Skip to main content


Reset A A Font size: Print

Court of Appeals of Georgia.


No. A97A2346.

Decided: January 21, 1998

J. Hue Henry, Christopher L. Casey, Athens, for appellant. Glass, McCullough, Sherrill & Harrold, Geoffrey H. Cederholm, Atlanta, for appellees.

Plaintiff Carroll Anesthesia Associates, P.C. (“Carroll”) sued Anesthecare, Inc. and others for tortious interference with contractual and business relations.   Defendants moved for summary judgment and simultaneously filed a separate written request for oral argument on the motion.   Carroll responded to the motion but did not request oral argument.   Shortly thereafter, the court granted summary judgment to defendants.

1. Carroll contends the trial court erred by granting summary judgment without first holding oral argument as required by Uniform Superior Court Rule 6.3.

 “[USCR] 6.3 provides that ‘oral argument on a motion for summary judgment shall be permitted upon written request made in a separate pleading bearing the caption of the case and entitled “Request for Oral Hearing,” and provided that such pleading is filed with the motion for summary judgment or filed notlater than five (5) days after the time for response.’   Under this rule, whether oral argument is heard is within the power of the parties, and is not left to the discretion of the trial court.   All a party need do is make a written request for oral argument and it shall be held.” 1

 Defendants, as in Vincent v. Bunch,2 argue that because Carroll “did not request argument pursuant to USCR 6.3, [it] cannot complain about the trial court's refusal to hold argument.” 3  Vincent rejected this argument, reasoning that “the mandatory hearing requirements of USCR 6.3 were triggered without a request from [plaintiff].” 4  The defendants' timely request set the wheels in motion.  “The law does not require a useless act.   Although [plaintiff] certainly could have filed a separate request, it would have been cumulative and unnecessary under USCR 6.3, which requires that ‘one of the parties' request argument.   The trial court had no discretion to deny oral argument in this case.” 5  Contrary to defendants' contention, the appearance of both Vincent parties at the courthouse for an oral argument that was canceled was not the factor triggering the Vincent plaintiff's right to oral argument.   The rule of procedure, which is to be uniformly applied, must be enforced.

 Defendants assert harmless error, contending that reversing the judgment and remanding the case to the court for oral argument will give that court “no reason” to decide the case differently.   That we do not know, as the plaintiff has been deprived of the full opportunity to be heard afforded by the rule.   Its argument may shed further light on the merits of its motion, enhance the court's understanding of the undisputed facts and their significance in relationship to each other, and persuade.   Moreover, “the trial court's failure to hold oral argument cannot be considered harmless error, because doing so would not encourage adherence to the Uniform Rules and would render the mandated hearing a hollow right.” 6  Nor does the fact that the appellate courts review summary judgment rulings de novo, so that omitting the step would simply streamline the process, justify non-compliance.   Since addressing the question of harmless error in Dixon v. McClain,7 we have consistently required oral argument, when properly requested by a party, as a meaningful contribution to the goal of legally correct resolution of disputes.8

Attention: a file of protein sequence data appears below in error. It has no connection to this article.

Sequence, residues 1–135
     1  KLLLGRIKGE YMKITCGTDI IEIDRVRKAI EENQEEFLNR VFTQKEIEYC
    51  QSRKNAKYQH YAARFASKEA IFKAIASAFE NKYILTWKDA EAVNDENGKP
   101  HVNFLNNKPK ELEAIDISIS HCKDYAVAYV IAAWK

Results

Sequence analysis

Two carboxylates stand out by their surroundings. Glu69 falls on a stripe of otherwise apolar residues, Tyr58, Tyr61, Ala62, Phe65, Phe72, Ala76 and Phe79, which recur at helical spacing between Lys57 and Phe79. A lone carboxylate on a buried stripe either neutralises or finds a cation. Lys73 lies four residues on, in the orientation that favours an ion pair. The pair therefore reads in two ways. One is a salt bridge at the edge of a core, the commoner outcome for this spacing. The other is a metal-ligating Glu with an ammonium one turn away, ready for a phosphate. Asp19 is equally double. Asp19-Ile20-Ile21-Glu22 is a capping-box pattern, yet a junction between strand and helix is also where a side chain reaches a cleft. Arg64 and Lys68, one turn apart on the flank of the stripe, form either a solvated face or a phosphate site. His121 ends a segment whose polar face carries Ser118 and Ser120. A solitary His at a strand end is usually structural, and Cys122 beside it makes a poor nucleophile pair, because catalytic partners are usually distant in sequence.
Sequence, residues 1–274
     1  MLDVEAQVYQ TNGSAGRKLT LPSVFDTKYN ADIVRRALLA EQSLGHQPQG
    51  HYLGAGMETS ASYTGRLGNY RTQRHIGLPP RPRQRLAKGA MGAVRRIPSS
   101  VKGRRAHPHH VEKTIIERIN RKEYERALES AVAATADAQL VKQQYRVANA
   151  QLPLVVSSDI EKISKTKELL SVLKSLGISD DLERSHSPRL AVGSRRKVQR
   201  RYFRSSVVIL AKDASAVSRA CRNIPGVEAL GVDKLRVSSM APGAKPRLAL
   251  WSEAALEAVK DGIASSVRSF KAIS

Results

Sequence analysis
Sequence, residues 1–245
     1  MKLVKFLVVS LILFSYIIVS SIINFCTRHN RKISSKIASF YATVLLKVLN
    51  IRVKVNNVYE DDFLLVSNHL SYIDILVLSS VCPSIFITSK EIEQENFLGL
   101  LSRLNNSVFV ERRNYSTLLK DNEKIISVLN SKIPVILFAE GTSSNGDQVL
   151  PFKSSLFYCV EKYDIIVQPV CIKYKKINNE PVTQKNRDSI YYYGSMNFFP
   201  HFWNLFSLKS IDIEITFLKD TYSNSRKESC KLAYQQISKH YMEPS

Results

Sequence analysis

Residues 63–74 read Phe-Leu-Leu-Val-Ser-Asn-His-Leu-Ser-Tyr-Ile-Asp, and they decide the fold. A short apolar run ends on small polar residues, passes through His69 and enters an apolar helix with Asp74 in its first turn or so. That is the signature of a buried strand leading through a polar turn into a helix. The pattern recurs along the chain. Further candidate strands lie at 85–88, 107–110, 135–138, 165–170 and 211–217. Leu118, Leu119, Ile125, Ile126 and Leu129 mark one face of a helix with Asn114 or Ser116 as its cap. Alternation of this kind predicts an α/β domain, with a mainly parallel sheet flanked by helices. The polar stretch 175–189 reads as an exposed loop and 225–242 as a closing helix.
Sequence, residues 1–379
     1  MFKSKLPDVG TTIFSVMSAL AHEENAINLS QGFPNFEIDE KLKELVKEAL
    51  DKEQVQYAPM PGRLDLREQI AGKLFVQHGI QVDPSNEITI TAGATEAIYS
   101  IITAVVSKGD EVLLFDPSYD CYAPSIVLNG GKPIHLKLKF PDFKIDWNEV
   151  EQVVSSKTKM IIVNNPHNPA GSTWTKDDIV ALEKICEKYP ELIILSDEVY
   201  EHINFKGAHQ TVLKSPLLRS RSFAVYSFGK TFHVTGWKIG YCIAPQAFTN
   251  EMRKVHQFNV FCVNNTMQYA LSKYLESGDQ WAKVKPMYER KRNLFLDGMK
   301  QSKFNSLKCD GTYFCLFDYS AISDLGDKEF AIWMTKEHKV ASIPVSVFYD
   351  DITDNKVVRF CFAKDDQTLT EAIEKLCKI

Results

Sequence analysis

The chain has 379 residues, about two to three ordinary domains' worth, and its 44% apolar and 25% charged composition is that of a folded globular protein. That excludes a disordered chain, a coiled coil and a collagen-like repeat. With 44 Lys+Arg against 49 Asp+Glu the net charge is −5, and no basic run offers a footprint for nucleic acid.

Accordingly, the trial court's ruling on defendants' motion for summary judgment is reversed and the case is remanded for oral argument.

2. Carroll's remaining enumerations of error are moot.9

Judgment reversed with instruction.


1.   Vincent v. Bunch, 227 Ga.App. 480(1), 489 S.E.2d 592 (1997) (citations and punctuation omitted);  see Kelley v. First Franklin Fin., 256 Ga. 622, 623-624, 351 S.E.2d 443 (1987);  Dept. of Transp. v. APAC-Georgia, 217 Ga.App. 103, 107(5), 456 S.E.2d 668 (1995).

2.   See n. 1, supra.

3.   227 Ga.App. 480, 489 S.E.2d 592.

4.   Id. at 480-481, 489 S.E.2d 592 (emphasis omitted).

5.   Id. at 481, 489 S.E.2d 592 (citations, punctuation, and emphasis omitted).

6.   Vincent, supra, 227 Ga.App. at 480, 489 S.E.2d 592 (citations and punctuation omitted).

7.   204 Ga.App. 531(1), 420 S.E.2d 66 (1992).

8.   See Vincent, supra, 227 Ga.App. at 481, 489 S.E.2d 592;  Premo v. Ga. Ports Auth., 227 Ga.App. 27, 28(1), 488 S.E.2d 106 (1997);  APAC-Georgia, supra, 217 Ga.App. at 107(5), 456 S.E.2d 668;  Pit Stop v. Jackson, 216 Ga.App. 648(1), 455 S.E.2d 358 (1995);  Southeast Reducing Co. v. Wasserman, 213 Ga.App. 763, 445 S.E.2d 859 (1994).

9.   Vincent, supra, 227 Ga.App. at 481(2), 489 S.E.2d 592;  Pit Stop, supra, 216 Ga.App. at 649(2), 455 S.E.2d 358.


McMURRAY, P.J., and SMITH, J., concur.

Copied to clipboard